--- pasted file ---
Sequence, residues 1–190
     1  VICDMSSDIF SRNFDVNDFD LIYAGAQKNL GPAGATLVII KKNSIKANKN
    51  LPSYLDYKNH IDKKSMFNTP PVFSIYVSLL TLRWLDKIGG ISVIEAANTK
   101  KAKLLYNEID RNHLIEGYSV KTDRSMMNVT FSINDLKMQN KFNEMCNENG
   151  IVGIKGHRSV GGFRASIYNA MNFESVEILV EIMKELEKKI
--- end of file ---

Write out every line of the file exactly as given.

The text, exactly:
Sequence, residues 1–190
     1  VICDMSSDIF SRNFDVNDFD LIYAGAQKNL GPAGATLVII KKNSIKANKN
    51  LPSYLDYKNH IDKKSMFNTP PVFSIYVSLL TLRWLDKIGG ISVIEAANTK
   101  KAKLLYNEID RNHLIEGYSV KTDRSMMNVT FSINDLKMQN KFNEMCNENG
   151  IVGIKGHRSV GGFRASIYNA MNFESVEILV EIMKELEKKI